Despite their name, whiteflies are not true flies but are actually related to aphids, scales and mealybugs. Like these insects, whiteflies cause damage when they suck plant juices from leaves, which yellow or die off. Whiteflies excrete excess liquid called honeydew that is sticky, and may be covered with black sooty mold. The honeydew also attracts ants, which disrupt naturally-occurring beneficial insects that may help control whiteflies and other plant pests. Outbreaks of whiteflies commonly occur when these “natural enemies” are disrupted by insecticide applications, dusty conditions, or interference from ants.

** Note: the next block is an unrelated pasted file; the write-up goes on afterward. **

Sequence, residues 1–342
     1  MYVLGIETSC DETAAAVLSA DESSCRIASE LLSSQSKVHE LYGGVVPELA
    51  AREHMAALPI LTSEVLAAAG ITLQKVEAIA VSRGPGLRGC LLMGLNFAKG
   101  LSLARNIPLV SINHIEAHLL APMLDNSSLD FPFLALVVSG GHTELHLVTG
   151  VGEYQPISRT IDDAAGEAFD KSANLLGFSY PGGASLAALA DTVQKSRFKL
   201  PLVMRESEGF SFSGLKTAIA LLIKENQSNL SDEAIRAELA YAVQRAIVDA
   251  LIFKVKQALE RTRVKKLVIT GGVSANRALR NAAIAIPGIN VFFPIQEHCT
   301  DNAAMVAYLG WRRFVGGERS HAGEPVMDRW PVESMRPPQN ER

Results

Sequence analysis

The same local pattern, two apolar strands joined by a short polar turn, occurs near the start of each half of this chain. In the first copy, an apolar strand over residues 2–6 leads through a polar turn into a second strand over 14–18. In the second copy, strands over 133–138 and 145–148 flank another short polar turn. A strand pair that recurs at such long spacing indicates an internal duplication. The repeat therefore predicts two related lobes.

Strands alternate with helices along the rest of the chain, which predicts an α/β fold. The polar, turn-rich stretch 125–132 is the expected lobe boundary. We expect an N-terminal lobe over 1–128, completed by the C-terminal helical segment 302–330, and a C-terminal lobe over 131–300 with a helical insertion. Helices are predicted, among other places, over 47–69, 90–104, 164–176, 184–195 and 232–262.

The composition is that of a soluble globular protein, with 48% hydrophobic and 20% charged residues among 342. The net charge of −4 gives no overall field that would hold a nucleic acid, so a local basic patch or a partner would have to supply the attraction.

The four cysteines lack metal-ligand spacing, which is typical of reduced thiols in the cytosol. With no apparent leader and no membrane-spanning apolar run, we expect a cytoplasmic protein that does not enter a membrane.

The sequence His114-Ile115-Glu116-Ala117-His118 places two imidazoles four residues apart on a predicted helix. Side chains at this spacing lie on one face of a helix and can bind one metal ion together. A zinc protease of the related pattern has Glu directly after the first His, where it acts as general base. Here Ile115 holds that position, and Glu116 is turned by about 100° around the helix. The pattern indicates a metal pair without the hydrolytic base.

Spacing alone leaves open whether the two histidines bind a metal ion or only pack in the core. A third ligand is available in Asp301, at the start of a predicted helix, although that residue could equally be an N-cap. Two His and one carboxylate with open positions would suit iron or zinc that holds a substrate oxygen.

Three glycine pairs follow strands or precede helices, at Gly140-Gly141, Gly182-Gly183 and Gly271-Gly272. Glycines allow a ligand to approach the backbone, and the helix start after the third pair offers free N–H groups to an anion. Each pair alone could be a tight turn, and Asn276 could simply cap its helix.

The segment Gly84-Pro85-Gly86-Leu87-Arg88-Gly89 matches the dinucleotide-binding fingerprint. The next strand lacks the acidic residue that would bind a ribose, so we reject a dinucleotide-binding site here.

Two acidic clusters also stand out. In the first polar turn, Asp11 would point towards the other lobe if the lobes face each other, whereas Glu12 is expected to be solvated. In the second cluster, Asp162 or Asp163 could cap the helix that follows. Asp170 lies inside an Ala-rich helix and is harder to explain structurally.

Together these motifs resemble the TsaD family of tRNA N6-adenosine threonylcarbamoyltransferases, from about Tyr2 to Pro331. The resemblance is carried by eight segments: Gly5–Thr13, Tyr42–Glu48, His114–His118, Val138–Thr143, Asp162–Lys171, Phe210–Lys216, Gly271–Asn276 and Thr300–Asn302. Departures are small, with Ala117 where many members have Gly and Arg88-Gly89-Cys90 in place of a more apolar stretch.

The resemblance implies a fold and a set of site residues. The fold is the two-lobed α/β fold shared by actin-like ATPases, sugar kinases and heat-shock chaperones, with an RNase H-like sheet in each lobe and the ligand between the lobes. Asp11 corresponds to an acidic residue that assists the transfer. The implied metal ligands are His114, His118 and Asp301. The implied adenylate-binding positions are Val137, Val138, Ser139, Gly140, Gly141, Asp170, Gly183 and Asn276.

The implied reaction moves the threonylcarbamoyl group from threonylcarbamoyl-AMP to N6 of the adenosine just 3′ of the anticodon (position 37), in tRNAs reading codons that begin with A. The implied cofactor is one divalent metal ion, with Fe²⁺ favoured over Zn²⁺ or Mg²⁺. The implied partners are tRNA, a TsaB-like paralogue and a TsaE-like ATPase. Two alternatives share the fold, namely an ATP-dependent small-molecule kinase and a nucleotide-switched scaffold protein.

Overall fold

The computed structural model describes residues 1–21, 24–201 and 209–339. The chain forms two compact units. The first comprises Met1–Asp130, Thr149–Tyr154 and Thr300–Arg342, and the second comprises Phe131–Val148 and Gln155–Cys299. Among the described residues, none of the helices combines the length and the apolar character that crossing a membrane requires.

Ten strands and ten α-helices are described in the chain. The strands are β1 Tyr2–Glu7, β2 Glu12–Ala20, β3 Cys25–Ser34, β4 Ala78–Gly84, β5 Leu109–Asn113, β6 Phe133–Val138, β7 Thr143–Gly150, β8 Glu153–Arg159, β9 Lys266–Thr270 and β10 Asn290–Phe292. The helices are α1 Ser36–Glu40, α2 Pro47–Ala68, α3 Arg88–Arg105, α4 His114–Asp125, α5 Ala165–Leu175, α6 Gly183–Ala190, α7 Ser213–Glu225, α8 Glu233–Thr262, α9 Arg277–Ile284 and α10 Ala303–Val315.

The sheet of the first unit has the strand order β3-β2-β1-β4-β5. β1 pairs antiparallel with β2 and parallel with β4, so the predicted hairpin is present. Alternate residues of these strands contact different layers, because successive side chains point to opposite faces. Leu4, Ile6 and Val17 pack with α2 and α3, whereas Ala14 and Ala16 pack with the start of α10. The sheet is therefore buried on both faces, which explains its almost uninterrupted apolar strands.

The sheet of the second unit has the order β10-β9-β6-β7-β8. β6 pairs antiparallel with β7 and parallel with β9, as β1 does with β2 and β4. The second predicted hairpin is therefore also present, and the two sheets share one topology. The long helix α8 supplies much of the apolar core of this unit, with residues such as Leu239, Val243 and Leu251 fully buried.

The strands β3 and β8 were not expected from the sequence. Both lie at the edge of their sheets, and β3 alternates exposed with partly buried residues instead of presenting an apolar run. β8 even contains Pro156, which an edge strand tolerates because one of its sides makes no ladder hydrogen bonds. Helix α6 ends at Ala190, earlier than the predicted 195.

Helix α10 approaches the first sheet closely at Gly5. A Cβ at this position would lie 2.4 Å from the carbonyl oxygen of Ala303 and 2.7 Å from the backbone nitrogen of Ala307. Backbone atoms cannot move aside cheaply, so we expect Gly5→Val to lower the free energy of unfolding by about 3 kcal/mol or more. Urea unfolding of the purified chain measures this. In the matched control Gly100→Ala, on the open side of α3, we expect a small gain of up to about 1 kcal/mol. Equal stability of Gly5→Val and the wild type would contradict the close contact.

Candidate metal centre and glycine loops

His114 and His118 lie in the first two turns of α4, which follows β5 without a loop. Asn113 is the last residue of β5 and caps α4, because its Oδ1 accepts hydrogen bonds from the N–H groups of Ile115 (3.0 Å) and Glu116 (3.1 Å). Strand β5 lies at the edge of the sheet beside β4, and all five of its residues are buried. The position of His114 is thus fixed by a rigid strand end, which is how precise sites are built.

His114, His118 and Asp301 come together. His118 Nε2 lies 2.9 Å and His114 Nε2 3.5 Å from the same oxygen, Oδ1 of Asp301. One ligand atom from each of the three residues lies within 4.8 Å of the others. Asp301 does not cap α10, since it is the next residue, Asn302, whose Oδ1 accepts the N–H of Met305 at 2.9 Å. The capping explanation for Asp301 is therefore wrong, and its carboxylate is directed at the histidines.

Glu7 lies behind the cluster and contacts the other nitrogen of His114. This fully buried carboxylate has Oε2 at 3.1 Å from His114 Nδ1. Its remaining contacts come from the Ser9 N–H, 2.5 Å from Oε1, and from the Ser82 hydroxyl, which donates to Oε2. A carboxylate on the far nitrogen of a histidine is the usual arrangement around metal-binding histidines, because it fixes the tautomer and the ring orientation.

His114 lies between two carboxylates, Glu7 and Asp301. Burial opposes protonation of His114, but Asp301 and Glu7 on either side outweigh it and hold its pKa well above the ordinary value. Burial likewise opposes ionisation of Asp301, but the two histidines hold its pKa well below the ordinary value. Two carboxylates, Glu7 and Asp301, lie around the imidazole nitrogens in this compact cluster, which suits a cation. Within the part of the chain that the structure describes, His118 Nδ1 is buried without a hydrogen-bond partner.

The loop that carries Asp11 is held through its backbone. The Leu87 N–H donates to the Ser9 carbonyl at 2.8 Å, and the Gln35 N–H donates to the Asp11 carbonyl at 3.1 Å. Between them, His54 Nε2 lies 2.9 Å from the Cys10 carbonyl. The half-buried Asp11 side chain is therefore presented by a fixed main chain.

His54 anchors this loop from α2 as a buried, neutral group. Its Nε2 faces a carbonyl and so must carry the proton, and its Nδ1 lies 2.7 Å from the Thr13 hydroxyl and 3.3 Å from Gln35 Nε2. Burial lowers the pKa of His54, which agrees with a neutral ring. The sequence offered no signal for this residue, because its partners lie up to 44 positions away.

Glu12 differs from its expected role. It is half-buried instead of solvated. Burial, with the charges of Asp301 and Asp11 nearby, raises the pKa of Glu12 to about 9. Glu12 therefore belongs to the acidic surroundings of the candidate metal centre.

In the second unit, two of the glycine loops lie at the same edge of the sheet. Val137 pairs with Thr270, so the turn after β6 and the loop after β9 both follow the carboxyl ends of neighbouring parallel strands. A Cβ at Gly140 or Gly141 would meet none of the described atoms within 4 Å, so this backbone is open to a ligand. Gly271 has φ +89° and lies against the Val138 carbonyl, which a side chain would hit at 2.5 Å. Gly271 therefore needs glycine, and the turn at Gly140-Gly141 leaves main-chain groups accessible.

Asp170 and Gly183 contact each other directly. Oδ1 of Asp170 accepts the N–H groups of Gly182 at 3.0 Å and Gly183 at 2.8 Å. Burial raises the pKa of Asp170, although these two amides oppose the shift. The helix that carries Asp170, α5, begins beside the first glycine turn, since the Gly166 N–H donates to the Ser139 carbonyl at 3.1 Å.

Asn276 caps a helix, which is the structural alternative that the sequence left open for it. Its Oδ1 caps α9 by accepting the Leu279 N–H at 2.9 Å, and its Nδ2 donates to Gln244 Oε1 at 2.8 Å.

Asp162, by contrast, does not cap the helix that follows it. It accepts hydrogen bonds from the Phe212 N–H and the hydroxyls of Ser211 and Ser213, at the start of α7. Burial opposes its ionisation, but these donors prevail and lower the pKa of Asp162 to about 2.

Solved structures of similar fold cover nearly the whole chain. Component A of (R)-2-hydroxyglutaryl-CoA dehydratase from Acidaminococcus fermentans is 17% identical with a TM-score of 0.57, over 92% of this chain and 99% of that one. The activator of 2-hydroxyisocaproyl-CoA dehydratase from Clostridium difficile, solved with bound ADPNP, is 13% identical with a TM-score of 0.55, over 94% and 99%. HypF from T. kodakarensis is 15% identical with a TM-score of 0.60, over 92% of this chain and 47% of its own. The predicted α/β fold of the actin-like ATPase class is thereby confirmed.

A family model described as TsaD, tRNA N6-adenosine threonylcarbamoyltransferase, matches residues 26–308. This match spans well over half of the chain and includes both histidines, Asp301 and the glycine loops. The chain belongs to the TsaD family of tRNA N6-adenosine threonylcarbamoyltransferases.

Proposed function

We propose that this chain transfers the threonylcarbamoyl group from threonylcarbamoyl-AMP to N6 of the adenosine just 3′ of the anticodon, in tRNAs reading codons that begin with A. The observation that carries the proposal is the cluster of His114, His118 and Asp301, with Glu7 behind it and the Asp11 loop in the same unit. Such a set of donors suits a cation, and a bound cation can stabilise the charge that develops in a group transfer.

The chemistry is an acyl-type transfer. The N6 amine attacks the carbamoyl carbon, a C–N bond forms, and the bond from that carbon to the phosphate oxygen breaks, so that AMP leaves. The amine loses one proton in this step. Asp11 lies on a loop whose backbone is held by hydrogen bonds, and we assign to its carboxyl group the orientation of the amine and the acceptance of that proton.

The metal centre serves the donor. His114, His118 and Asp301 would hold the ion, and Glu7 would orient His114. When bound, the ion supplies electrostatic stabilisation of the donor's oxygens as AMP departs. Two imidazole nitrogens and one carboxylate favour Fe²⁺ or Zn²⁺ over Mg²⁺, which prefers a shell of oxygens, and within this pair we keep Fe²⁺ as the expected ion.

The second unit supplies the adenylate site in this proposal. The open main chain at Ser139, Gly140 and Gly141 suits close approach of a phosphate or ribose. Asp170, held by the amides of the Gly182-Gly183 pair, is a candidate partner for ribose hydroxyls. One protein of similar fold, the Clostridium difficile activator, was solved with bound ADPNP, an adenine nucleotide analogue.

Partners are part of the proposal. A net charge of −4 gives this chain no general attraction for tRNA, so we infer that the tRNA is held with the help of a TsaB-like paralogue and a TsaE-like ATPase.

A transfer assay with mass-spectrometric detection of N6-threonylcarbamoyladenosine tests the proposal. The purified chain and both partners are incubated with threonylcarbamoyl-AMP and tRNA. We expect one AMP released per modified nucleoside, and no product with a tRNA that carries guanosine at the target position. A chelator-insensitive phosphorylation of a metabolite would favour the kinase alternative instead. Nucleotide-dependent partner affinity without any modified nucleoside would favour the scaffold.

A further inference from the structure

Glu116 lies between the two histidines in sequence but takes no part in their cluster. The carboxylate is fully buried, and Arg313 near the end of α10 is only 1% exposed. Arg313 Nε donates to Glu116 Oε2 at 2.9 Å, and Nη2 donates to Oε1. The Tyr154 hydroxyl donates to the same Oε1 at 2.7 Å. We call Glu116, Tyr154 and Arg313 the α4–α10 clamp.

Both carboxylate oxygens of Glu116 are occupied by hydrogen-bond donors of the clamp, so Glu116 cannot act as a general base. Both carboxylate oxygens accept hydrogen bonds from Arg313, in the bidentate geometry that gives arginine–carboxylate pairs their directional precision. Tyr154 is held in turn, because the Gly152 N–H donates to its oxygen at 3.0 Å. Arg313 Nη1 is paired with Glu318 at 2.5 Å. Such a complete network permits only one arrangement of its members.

Most whiteflies have a wide host range that includes numerous weeds and crops. In many parts of California, they breed all year, moving from one host to another as plants are harvested or dry up.
Learn how to manage whiteflies and prevent future infestations by reading the newly revised UC IPM Pest Note: Whiteflies by author and retired entomologist, Dr. Mary Louise Flint.